Last Updated on April 5, 2019 by Katty
Many of Cocciante’s songs belong to the annals of music history, including “Margherita,” “Bella senz’ Anima,” “Cervo a Primavera,” and “Questione di Feeling,” just to name a few. Cocciante’s work has a taste of the international and an authenticity that allows him to connect with his audience on a visceral level. The artist has brought France and the Far East to Italy and even speaks with a bit of an accent – one that is all Cocciante – which only adds to his mystique and the enigma surrounding his music.
Gentle and very respectful of his audience, Cocciante shapes his music like a sculptor works with marble, and his performances are vivid and full of energy as he dives into every song, grasping every word as if it were the last he will ever speak. The result is not only an amazing musical style, but also an ability to enthrall millions.
Cocciante’s music is melancholic and romantic, as if he wants to tell us about a world where love is strong and powerful, but difficult to enjoy: a place where love is reserved for others. Granted, it’s not a very optimistic approach, but Cocciante makes it compelling with his touching poetry. Cocciante’s music is not commercial, yet he’s commercially successful. The artist doesn’t follow an industrial pattern nor the trends of the moment, he creates his own musical universe and everyone is invited to join in, but no one is allowed to change the essence of his work. This is probably Coccicante’s main strength, which has gained him recognition and credibility.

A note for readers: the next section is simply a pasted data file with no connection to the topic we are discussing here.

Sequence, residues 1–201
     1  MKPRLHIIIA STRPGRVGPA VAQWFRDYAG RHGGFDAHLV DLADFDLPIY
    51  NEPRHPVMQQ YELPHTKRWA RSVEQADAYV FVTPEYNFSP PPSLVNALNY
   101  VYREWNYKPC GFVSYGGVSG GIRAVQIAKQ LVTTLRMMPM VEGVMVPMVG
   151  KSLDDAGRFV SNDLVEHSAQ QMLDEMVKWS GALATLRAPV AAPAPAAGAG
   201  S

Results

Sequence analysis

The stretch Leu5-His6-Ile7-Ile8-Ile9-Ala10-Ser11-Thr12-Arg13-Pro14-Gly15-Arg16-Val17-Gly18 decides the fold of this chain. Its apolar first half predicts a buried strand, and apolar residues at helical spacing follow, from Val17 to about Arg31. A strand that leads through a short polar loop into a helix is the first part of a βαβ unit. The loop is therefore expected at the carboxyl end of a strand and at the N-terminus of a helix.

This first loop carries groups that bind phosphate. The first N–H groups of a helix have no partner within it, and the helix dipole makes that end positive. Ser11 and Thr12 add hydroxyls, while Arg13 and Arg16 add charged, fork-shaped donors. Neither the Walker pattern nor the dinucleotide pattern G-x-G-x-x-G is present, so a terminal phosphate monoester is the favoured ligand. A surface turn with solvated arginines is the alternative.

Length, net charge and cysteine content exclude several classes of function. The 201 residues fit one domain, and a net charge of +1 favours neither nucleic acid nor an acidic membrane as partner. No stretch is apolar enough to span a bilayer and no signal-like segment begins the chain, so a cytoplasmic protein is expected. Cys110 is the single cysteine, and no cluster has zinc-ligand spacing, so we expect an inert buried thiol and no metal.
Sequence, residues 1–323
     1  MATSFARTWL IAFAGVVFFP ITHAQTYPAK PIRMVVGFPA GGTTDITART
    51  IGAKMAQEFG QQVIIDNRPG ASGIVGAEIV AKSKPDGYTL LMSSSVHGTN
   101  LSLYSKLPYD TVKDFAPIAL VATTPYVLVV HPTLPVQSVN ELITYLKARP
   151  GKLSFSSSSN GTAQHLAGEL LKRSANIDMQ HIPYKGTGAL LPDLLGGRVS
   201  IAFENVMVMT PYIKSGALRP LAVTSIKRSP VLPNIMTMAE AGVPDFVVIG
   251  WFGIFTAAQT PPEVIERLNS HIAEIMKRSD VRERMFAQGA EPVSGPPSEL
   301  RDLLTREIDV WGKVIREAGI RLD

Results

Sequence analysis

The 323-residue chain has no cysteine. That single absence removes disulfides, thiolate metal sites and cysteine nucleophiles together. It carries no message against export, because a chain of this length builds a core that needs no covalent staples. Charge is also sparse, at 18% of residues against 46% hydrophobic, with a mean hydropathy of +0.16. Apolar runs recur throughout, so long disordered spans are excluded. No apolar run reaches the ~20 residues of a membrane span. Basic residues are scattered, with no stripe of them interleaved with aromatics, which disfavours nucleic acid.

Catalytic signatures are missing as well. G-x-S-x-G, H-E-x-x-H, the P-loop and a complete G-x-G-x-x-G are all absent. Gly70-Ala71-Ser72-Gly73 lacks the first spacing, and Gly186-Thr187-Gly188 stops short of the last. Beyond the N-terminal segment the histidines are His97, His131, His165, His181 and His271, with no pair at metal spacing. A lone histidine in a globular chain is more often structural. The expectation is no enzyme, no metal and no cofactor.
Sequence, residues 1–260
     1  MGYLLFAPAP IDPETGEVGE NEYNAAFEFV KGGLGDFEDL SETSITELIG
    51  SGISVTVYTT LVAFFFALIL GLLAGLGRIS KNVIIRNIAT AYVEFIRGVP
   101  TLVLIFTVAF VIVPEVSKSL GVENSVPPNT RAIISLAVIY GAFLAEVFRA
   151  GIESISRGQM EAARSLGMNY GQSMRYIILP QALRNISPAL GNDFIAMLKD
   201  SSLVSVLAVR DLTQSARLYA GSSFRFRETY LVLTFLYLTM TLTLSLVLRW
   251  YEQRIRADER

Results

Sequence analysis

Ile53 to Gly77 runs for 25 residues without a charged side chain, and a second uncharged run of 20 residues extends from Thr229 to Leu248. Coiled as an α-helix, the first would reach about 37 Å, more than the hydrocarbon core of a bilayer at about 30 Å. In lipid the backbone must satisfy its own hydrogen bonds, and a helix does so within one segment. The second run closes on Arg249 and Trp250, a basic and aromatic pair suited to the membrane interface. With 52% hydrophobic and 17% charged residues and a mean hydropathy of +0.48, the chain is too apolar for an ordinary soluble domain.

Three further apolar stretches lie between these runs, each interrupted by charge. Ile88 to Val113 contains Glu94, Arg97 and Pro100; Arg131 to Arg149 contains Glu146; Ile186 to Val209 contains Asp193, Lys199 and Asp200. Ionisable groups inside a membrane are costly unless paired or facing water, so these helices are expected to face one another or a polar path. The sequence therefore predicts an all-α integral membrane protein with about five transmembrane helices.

Bella Senz’Anima, Riccardo Cocciante.
In recent years, Cocciante has dedicated himself to large scale musicals, usually writing in French and bringing to Europe what traditionally was an American strength. He started with “The Hunchback of Notre Dame” in 1997, followed by “The Little Prince” in 2002 and “Romeo and Juliet” in 2007.
Cocciante’s success with musicals has been huge, bringing him the attention of the media and most importantly that of the general public. His musicals are like modern operas, in which costumes and art direction merge with powerful sound to deliver enchanting shows based on classic stories.
The formula seems to work very well, and Cocciante has found in this medium what is likely his favorite way of expressing his art, as a musical is more complete than a song and it allows to the artist to be more flexible with both music and lyrics. Of course, Cocciante cannot perform the musicals and his soul is present only in the creative phase, but so far the actors have been doing a wonderful job of bringing his visions to life.
On a final note, it would be nice to remember that this man is not a young kid anymore, however his soul remains young and his genius inspired.
Riccardo Cocciante and Mina perform “Amore”